Last month I was fortunate enough to receive a career accomplishment award from Pay and Benefits magazine. The award was based on some very kind testimonials from a range of sources, the leadership shown during my career, and a range of other accomplishments. I work in a very ‘grounded’ environment and this award was greeted with both some kind comments but also a recognition of the amount of grey hair necessary to qualify for recognition of this kind!
But setting aside my own circumstances, I wonder what accomplishments HR professionals would wish to be recognised and remembered for?
As the profession has evolved and grown, witnessed by the celebration of the CIPD centenary no less, there has certainly been an increase in formal award/recognition schemes for HR professionals. These acknowledge the contribution by various types of HR practitioners, from directors, business partners, L&D and reward specialists, through to graduates, consultants and specific interventions like talent programmes, diversity initiatives, and recruitment campaigns.
How do you make a difference?
These awards highlight some very worthy recipients who work diligently and intelligently, showing commerciality and high degrees of professionalism. However, what must always be at the heart of such efforts is consideration of impact and the key question as to what difference the person or the initiative has made to the organisation. It should never be about the HR function for its own sake.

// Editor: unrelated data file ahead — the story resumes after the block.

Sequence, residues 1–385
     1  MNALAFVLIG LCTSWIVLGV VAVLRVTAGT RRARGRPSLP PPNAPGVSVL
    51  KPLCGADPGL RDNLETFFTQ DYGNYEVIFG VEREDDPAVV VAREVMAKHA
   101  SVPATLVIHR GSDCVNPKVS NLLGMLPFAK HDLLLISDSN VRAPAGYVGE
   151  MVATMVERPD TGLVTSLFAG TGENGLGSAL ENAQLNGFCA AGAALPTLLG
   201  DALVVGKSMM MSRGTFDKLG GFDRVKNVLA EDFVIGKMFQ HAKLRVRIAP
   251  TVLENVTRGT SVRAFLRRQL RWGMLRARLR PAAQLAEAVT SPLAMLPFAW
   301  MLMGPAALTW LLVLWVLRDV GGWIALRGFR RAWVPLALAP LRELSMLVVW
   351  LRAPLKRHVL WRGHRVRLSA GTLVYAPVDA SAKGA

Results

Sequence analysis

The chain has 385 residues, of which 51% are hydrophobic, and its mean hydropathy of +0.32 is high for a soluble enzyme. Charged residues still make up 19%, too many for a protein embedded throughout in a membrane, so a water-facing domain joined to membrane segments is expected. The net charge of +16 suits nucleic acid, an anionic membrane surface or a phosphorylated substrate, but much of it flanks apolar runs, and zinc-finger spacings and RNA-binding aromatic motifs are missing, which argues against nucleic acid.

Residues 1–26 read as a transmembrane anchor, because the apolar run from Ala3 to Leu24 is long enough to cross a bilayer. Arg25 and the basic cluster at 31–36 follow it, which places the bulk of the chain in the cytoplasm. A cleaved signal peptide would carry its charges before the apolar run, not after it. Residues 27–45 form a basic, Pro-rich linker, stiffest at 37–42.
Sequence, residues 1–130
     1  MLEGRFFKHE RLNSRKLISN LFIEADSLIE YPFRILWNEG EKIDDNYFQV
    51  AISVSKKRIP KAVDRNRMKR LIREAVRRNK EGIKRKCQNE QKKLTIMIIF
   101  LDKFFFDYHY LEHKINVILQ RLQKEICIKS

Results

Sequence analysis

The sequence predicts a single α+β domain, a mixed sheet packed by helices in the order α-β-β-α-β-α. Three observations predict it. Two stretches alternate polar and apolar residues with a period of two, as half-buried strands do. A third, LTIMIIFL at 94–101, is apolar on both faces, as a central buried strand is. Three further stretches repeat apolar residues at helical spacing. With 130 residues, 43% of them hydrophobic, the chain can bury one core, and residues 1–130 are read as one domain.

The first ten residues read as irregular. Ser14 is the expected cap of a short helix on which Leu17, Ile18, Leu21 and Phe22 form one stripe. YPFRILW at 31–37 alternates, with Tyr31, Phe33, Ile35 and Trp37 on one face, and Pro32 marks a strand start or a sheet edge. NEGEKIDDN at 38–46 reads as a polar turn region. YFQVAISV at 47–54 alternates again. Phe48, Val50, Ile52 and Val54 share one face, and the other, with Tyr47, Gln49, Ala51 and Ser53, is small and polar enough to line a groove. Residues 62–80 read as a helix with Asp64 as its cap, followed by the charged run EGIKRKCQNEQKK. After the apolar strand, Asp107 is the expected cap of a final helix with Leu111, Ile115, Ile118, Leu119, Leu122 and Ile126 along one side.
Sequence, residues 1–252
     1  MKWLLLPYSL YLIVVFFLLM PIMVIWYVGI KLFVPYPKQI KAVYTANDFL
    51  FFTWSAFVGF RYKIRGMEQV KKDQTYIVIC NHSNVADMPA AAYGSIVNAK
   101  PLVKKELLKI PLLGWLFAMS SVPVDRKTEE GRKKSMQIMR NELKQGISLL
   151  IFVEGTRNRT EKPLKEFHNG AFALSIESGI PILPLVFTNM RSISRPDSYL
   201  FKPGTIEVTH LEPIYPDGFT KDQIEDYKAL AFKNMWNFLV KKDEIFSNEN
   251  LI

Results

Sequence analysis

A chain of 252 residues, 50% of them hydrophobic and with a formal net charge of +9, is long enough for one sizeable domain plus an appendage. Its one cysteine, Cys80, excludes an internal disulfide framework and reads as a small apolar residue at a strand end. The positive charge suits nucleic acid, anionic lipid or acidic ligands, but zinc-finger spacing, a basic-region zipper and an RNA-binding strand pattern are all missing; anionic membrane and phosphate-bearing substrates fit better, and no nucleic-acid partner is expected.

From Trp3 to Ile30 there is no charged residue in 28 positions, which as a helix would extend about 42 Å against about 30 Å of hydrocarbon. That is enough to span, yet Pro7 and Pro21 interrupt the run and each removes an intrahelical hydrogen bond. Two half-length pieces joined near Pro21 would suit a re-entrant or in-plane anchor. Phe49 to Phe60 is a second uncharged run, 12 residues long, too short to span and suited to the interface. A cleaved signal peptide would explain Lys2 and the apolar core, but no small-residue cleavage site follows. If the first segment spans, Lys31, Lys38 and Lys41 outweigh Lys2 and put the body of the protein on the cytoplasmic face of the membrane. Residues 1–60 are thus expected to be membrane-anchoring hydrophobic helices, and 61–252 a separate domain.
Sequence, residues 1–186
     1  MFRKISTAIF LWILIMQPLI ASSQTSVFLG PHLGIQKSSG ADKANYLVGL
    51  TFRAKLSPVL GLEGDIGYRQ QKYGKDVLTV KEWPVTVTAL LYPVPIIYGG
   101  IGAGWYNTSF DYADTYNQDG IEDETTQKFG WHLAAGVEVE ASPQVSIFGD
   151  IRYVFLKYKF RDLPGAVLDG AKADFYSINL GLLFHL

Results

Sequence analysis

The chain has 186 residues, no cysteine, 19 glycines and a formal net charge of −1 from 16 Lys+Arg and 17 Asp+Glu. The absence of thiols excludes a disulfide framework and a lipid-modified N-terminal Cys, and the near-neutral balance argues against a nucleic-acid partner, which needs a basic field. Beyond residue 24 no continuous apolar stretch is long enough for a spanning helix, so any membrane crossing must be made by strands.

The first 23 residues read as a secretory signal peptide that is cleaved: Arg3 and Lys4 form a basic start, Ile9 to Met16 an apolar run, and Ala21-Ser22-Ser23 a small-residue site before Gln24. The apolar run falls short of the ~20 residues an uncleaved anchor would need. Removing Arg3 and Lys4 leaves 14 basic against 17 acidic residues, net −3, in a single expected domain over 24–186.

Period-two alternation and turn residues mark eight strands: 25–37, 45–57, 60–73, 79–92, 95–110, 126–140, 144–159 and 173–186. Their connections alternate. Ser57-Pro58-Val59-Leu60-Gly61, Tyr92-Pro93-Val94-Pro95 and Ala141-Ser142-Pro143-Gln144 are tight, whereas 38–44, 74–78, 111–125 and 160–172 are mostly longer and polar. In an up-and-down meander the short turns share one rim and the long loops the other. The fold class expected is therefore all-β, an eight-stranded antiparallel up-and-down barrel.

When I reflect on the best of the HR leaders that I’ve worked with over the years (including my colleagues at William Grant & Sons) the most notable feature has been the impact on their respective companies: some in a wholly transformational way, others in a more incremental fashion.
Benefitting the company & the employees
In my humble opinion, there can be no greater accomplishment than to be responsible for making a change for the better; all the better when the interests of the company and the employees converge and the change itself is of the sustainable variety. It is a truism that fads and fashions come and go (usually accompanied by a flurry of new job titles) but solid contributors who bring about positive change tend to remain in vogue.
With that in mind and as the CIPD itself moves towards celebrating 100 years of its existence, I wonder what career accomplishments HR practitioners across the country will consider to be their own personal proudest achievement?